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Nine goddess days…

This is the time of the festival of Navaratri, nine nights as it is called in South India, and Dasara as it is called in the North. The goddess in every form is celebrated, and in the south, women and girls are especially honored as depicting the goddess. They are given gifts, bangles, bindis, and everyone wears silk. There are elaborate rangoli designs in colored rice flour outside the house and the waft of jasmine and betal leaves floats by in the house, along with chundal – a traditional lentil dish with cocount made every evening with different types of lentils and beans each day.

Living in the states, I have sporadically celebrated this festival in small ways – making a sweet dish, wearing something nice etc. Since my husband isn’t super traditional and we don’t usually have time off, there isn’t much of a motivation. Usually, the indian community hosts a celebration but I have been to it only once in the past decade of living here. This year, at the last minute, I decided we should go – Anjali and I. So I pulled out our indian clothes from the trunk and we dressed up the way I did as a child, wearing bangles, bindis and beautiful clothes, me a saree and Anjali a salwar suit.

Get there we did – and Anji loved the ‘music time’ and danced and jumped up and down as garba music played on the speakers. (Garba is a dance from the North, especially for this festival where men and women dance going around in a big circle). She wore a black tunic embroidered with gold and maroon and looked like a small goddess herself. We even went around the circle a couple of times dancing together mother and daughter. We had to leave early for bed time, but just to see her dressed up in indian outfit was worth the trip, that along with seeing some dear friends.

I’m going to indian celebrations and making halloween costume (never done that before in my ten years in this country!) for my little one. I never cease to be surprised by what motherhood brings.

Wishing you beauty, peace and light-filled days and nights,
With Love,
S.

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Transitions…

This is the time of transition. Fall is beginning, and in the course of the last couple of weeks we have officially said good-bye to summer in this part of the world. The mornings are foggy and cold and it is hard to get out of bed. The afternoons are pleasant with warmth in the crispness of the air that is especially welcoming after the mornings. And the evenings are so cool, it makes you want to stay out and feel all of it and see the stars, which are starting to come early in the clear skies.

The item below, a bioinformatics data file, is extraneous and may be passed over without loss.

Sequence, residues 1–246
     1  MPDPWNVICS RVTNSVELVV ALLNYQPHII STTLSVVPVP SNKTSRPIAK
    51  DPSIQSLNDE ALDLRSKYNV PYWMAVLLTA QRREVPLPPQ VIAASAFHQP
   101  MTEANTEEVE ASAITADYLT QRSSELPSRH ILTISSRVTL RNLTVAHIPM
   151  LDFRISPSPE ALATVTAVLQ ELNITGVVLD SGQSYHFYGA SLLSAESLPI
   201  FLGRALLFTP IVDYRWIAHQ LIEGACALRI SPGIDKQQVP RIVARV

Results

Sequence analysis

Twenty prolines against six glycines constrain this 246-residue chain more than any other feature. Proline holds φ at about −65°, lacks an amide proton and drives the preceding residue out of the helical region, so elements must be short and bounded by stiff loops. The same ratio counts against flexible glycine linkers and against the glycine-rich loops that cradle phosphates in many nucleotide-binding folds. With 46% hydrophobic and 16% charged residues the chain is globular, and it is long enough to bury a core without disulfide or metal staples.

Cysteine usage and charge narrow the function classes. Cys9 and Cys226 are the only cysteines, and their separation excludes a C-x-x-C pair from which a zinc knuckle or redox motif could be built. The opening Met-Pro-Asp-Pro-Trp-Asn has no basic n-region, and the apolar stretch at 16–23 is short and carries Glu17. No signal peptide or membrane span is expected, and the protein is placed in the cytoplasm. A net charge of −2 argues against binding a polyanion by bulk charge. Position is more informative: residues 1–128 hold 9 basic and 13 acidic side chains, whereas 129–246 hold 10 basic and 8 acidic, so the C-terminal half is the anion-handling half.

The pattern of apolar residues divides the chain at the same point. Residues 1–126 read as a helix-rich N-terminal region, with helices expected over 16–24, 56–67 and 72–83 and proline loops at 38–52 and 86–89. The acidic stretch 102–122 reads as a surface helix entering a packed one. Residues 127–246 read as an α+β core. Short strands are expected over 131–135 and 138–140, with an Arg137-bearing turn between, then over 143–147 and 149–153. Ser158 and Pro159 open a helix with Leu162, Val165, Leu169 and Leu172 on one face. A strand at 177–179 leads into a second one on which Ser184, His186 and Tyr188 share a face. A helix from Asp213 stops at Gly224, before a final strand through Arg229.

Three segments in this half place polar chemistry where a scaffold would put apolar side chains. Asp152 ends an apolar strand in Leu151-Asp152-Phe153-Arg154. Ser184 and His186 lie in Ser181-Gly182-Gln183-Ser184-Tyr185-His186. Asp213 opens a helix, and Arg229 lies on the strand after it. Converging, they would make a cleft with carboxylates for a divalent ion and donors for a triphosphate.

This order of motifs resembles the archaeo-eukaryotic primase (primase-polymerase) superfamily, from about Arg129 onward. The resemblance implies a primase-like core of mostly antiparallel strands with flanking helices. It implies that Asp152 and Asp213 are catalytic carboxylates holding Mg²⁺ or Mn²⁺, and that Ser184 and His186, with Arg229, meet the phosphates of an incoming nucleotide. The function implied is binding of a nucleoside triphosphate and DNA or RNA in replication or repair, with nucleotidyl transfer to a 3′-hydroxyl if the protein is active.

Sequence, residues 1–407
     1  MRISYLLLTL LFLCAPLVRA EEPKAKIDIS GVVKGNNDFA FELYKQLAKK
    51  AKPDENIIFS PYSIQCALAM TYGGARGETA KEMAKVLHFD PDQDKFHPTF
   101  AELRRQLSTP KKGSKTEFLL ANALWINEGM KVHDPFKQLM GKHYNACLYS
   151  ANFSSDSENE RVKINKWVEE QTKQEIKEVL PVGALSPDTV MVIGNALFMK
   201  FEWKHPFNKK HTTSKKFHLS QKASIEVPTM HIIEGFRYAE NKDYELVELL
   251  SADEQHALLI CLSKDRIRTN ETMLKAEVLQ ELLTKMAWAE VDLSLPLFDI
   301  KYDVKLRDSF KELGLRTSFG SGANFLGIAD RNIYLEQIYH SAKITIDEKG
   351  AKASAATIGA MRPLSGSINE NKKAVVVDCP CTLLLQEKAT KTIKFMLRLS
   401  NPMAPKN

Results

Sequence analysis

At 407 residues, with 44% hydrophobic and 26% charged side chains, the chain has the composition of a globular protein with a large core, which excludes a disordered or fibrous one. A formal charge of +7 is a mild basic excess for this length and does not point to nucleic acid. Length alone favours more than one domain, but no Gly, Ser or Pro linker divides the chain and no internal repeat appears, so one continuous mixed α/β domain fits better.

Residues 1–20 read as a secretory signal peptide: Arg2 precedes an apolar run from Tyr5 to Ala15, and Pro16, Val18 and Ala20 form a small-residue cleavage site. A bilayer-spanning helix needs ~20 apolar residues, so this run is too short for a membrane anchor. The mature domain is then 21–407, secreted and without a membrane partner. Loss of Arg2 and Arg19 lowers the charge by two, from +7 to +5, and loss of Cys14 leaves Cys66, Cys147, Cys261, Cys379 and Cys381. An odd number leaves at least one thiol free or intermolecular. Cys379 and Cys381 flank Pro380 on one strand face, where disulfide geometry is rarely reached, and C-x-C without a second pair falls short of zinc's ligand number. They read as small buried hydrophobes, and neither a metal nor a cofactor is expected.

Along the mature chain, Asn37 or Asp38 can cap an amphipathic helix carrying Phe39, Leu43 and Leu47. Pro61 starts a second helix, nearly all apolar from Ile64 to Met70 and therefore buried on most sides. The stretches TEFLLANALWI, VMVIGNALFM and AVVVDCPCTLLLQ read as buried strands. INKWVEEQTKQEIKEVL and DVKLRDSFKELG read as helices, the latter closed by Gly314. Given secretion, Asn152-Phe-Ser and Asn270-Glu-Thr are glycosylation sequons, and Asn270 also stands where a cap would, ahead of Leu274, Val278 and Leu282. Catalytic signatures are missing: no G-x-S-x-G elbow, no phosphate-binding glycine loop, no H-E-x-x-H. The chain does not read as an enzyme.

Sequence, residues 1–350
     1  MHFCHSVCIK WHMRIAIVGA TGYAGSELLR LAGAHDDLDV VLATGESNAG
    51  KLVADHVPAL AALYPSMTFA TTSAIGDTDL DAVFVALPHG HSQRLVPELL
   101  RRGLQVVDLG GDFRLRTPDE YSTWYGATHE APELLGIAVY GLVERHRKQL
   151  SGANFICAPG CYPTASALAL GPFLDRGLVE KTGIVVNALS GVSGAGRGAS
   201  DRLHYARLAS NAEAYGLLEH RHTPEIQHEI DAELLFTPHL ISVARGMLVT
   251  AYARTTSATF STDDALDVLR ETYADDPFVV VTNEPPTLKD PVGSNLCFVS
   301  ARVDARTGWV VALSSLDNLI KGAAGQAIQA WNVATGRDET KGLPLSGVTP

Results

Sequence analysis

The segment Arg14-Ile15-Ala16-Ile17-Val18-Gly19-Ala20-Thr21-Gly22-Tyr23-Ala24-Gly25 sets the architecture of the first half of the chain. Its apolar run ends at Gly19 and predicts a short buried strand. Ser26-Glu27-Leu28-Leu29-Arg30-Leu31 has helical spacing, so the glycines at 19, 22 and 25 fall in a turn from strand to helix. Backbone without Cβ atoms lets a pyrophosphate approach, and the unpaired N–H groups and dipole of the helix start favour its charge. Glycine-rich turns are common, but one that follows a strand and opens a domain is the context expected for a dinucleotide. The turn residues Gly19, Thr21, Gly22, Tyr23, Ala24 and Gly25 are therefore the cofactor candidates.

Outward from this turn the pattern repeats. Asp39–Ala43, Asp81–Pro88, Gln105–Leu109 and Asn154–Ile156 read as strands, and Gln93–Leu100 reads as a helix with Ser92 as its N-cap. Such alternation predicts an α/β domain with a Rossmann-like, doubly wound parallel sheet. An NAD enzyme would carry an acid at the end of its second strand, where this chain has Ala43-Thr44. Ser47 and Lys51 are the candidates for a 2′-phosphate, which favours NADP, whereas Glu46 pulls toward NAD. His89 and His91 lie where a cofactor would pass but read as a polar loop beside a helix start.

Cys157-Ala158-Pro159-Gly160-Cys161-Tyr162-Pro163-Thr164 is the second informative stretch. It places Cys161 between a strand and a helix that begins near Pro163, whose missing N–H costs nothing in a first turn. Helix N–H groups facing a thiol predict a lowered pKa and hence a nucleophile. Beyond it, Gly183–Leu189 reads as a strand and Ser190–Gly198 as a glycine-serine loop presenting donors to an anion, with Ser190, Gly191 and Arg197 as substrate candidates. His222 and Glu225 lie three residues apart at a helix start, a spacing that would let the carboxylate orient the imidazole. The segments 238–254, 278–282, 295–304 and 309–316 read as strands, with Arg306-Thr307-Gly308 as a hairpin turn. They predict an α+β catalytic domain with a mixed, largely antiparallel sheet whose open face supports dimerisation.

Our own family is going through transitions – both difficult and welcoming. We have begun a new routine with Anjali’s new program where she goes to the preschool three mornings a week for a little more than couple of hours. Following her second birthday over a week ago, we have started potty-training and while sometimes it can be tiring, mostly it is incredibly satisfying to spend time in the bathroom one-on-one reading, singing, playing and creating a positive atmosphere for her around the potty. We have started having dinners on the table, now about once a week, together all three of us – Abhi, Anjali and I. The first time was hurried and Anjali who hardly ever sits still, wanted to get out after just a few minutes with ‘all done!’ Yesterday, perhaps our third or fourth time, she sat and ate with us, with high praise for the food –rice, ghee, peas, carrots, cheese – “yummy yummy!”, she said. Abhi and I ate our meals in peace looking across the table at each other in amazement and gratitude and pride.

There are also difficulties with transitions – and we haven’t missed that either. Anji is more reluctant to let me go anywhere – with the attachment to my primary role of taking her to the potty in time. She has been waking up at night, perhaps because the diapers aren’t as comfortable anymore, and she demands then that I sleep next to her. I haven’t been able to go for my early morning walks – it is too cold for me to venture out the way I used to.

But none of these difficulties have taken the place of peace.

This peace is a surprise. I’m spending so much more time with my daughter now since she is no longer going to day care part-time – and I was terrified of losing my freedom. But it turns out the fear was mostly just a thought. My freedom is intact – the choices in any moment are still mine. And I keep learning what a compassionate response can be when a 2 year old wakes up crying or doesn’t want to share or gets impatient with her own inability to control things. I keep learning my own limits and what helps me get back to that space where I can give without resentment. And there has been an acceptance finally of my role as the primary care giver- which I have been all along but was too scared to admit having been a career woman most of my life before becoming a Mom.

The metamorphosis of life, of changing bodies and changing leaves brings with it a new possibility – of dancing with something new. When we embrace, we no longer suffer. Sure, struggles are still there, but not the added ouch that our thoughts and fears bring. And when we start to pay attention, we realize that the truth in front of us is actually different from our ideas. It is beautiful, freeing and graceful. My daughter is growing into a new level of independence – and as she gingerly steps into it, slowing embracing it as a new way of being, I too am doing the same. And this process seems to me to epitomize the beauty of change. We reach a new place and there is no going back.

With Love, S.